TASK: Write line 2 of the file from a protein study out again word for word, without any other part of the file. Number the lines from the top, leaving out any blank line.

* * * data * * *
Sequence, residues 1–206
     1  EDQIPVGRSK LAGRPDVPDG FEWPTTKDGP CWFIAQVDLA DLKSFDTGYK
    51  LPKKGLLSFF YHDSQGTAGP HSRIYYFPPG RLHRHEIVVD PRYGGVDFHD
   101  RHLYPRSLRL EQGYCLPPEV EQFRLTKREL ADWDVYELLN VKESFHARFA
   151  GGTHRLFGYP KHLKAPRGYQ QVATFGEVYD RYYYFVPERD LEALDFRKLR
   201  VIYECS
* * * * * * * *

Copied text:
     1  EDQIPVGRSK LAGRPDVPDG FEWPTTKDGP CWFIAQVDLA DLKSFDTGYK